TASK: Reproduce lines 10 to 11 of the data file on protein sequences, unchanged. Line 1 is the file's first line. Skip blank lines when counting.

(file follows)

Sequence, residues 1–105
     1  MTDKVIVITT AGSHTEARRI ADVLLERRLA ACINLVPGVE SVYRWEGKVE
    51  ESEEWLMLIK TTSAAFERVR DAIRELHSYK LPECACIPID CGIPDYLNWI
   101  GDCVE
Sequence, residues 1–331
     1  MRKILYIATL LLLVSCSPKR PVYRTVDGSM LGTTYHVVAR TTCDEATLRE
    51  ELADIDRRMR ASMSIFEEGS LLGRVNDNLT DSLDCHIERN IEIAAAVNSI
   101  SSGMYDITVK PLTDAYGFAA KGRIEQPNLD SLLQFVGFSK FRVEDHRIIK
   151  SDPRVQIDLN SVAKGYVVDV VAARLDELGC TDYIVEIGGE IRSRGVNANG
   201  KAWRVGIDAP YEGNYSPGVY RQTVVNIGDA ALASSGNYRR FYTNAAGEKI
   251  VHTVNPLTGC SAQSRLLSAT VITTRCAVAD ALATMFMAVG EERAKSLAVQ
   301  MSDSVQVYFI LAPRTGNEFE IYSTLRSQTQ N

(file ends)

   201  KAWRVGIDAP YEGNYSPGVY RQTVVNIGDA ALASSGNYRR FYTNAAGEKI
   251  VHTVNPLTGC SAQSRLLSAT VITTRCAVAD ALATMFMAVG EERAKSLAVQ